U.S. Rep. Carolyn Maloney (D−Astoria) issued a report Tuesday that she said indicated that the city already has its own economic stimulus program, creating mega−billions of dollars, with much of it going on below the streets.
“The Second Avenue subway and the East Side Access are moving forward and creating thousands of jobs, literally beneath our feet,” Maloney said. “While these projects won’t cure everything that ails our economy, they are a huge help in getting us back on track.”
Maloney has long been a champion of the two huge transit projects, both heavily supported by federal money and both scheduled for completion in 2015.
Both are almost entirely in her congressional district, which covers the East Side of Manhattan and parts of western Queens.
Minna Elias, chief of staff in Maloney’s office, said the report was circulated to make the public aware of the benefits of the two projects.
“We wanted everyone to understand that all this work is even now helping our economy and will do so for years to come,” Elias said. “The benefits will go on even after we recover from this present economic slowdown.”
State Assembly Speaker Sheldon Silver (D−Manhattan) said, “I commend Congresswoman Maloney for the report, which shows the economic benefits of moving forward with both these projects.”
Much of the construction on the East Side Access is still going on in Queens, including tunneling to Manhattan. The project also is to include a new Long Island Rail Road station in Sunnyside.
Among elements of the report:
• Every dollar spent on public infrastructure increases the gross domestic product by $1.50
• The Second Avenue Subway project has already created 16,000 jobs, generated $842 million in wages and produced $2.87 billion in economic activity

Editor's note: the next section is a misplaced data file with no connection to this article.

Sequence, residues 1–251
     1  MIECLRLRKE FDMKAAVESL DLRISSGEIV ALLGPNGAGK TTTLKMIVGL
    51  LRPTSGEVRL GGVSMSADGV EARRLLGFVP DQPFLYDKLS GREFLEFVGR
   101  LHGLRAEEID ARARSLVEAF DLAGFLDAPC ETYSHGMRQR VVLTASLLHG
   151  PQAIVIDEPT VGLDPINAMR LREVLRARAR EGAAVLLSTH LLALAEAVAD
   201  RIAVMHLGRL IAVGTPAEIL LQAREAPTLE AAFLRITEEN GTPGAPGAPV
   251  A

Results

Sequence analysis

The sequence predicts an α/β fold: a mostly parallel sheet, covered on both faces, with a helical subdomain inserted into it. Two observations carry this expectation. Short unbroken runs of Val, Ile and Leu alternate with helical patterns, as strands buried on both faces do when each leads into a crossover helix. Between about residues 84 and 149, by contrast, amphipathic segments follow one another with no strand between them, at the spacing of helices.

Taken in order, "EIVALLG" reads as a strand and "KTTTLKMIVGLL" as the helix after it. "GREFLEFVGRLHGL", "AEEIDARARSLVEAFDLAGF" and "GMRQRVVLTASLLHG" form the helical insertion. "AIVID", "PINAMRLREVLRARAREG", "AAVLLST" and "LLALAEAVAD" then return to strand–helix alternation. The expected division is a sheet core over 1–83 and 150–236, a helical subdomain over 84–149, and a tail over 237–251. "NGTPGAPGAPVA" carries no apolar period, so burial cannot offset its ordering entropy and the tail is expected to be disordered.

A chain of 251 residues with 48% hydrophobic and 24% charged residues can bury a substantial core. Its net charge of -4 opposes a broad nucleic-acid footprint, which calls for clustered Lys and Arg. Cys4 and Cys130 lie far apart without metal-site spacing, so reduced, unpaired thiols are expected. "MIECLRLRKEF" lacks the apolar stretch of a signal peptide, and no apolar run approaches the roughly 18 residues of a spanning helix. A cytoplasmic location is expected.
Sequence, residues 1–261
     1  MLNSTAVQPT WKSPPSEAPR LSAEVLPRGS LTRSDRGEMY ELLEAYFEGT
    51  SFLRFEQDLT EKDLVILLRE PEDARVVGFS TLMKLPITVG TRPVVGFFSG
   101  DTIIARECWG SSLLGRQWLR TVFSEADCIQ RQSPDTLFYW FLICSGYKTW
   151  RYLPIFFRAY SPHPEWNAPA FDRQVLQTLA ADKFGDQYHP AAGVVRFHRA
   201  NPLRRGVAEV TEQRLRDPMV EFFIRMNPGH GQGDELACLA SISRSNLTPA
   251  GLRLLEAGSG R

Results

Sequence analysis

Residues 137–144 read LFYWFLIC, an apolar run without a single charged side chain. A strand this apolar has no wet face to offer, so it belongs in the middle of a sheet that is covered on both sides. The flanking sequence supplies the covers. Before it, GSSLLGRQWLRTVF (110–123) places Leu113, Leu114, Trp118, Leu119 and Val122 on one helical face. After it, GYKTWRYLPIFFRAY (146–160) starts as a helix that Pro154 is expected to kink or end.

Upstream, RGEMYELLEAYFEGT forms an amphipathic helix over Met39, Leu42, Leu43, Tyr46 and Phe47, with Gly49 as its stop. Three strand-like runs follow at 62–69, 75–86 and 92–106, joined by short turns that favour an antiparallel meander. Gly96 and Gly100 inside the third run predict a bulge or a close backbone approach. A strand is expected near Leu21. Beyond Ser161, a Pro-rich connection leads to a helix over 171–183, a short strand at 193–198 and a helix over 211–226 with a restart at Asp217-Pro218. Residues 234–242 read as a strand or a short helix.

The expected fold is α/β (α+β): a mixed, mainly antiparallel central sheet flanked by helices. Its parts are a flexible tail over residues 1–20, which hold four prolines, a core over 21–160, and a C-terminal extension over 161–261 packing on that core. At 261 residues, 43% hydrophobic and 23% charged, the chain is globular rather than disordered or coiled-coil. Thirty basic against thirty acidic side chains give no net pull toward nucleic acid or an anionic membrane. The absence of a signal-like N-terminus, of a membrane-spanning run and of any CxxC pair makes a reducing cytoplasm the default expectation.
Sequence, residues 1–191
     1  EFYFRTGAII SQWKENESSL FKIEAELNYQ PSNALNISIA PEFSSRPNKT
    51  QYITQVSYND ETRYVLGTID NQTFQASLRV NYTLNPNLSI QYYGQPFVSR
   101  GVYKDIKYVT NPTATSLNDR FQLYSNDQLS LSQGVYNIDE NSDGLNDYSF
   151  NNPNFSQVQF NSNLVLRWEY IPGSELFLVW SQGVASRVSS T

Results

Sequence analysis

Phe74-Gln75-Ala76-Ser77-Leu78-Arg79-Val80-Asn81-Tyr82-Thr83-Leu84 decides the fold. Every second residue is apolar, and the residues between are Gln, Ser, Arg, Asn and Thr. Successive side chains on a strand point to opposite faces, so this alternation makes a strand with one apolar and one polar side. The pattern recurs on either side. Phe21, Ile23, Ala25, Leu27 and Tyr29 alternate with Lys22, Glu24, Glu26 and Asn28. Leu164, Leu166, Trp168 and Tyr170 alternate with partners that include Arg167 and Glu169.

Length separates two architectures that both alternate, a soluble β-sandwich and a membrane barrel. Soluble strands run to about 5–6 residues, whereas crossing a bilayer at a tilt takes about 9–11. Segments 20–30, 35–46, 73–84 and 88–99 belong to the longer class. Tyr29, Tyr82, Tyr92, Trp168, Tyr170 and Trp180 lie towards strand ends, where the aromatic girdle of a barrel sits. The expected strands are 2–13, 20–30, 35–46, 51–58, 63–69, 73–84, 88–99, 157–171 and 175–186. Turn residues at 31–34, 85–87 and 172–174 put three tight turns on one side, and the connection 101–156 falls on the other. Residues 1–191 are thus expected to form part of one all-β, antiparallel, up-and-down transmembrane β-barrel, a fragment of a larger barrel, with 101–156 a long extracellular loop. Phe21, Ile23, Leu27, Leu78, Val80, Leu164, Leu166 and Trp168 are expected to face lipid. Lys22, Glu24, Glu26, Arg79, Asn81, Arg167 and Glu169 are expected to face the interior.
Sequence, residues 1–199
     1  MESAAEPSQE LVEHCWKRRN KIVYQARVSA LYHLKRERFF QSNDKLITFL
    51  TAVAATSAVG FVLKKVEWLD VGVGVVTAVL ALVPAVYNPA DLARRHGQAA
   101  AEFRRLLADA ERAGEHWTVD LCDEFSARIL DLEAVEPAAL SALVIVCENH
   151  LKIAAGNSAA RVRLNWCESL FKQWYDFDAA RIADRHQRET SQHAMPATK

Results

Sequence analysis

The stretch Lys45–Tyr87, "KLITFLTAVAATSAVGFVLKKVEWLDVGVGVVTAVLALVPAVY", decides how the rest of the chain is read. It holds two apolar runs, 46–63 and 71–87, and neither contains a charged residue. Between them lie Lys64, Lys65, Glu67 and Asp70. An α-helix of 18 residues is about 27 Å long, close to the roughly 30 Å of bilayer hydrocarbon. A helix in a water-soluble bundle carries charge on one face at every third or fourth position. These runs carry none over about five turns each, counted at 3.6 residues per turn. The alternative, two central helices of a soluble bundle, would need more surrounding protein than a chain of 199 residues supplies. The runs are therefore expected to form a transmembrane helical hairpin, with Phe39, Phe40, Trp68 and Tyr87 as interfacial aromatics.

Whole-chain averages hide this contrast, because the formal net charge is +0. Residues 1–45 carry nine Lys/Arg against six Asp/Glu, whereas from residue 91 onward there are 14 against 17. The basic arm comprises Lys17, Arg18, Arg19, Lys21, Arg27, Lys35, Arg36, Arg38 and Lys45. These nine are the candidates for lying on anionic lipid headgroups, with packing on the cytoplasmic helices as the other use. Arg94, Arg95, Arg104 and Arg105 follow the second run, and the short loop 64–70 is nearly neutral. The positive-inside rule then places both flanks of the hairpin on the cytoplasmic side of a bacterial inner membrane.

• The East Side Access has created 22,000 jobs, generated $1.176 billion in wages and produced $4 billion in economic activity
• During construction of the two projects, the Second Avenue Subway will generate $4.347 billion in economic activity and the East Side Access will generate $12.275 billion in economic activity
• Transit projects generate approximately 570 direct and indirect jobs for every $10 million in capital expenditures. Transit projects produce roughly $30 million in sales for every $10 million in capital expenditures.
Joining Maloney were Manhattan Borough President Scott Stringer; Manhattan Council members Daniel Garodnick and Jessica Lappin, both Democrats; and Elliot Sander, executive director of the Metropolitan Transportation Authority.
The Second Avenue Subway — long planned but canceled several times — will relieve crowding on the city’s most congested line, the Lexington subway, which accounts for 40 percent of all city subway patrons.
The East Side Access will save commuters who now must make their way across town by foot, taxi, bus or subway after arriving on the LIRR at Penn Station. Estimates are that straphangers will save up to a half−hour daily.
The East Side Access will provide LIRR trains with a new station 110 feet below Grand Central.
Reach contributing writer Philip Newman by e−mail at news@times
©2009 Community News Group
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